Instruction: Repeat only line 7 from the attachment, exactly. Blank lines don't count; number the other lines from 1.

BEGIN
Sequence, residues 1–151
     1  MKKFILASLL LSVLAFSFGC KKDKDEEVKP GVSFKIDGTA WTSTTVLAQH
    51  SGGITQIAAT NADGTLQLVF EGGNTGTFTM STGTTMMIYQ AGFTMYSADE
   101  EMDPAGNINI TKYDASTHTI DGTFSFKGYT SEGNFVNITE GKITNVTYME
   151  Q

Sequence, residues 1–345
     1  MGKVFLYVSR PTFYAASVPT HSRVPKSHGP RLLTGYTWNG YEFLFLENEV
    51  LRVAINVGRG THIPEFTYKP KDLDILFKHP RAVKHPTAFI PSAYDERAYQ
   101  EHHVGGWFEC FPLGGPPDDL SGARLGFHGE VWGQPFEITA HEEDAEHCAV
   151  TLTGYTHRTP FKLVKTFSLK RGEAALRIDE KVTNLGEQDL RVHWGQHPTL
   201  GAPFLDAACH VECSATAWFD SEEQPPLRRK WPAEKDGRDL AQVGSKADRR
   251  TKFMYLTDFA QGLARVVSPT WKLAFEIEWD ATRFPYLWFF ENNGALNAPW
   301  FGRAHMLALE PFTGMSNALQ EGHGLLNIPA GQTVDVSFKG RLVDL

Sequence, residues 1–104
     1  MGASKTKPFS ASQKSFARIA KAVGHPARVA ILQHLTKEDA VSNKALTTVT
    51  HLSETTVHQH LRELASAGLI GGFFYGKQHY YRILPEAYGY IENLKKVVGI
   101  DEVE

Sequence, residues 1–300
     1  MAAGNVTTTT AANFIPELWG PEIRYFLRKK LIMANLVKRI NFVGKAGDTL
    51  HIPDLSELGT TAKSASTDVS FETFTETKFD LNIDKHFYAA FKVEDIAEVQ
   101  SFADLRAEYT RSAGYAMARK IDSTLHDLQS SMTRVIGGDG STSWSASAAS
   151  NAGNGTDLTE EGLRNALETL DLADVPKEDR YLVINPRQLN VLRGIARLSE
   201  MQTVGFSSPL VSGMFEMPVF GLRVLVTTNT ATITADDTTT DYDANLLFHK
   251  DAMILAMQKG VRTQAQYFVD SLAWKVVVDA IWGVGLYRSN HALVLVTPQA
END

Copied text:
     1  MGKVFLYVSR PTFYAASVPT HSRVPKSHGP RLLTGYTWNG YEFLFLENEV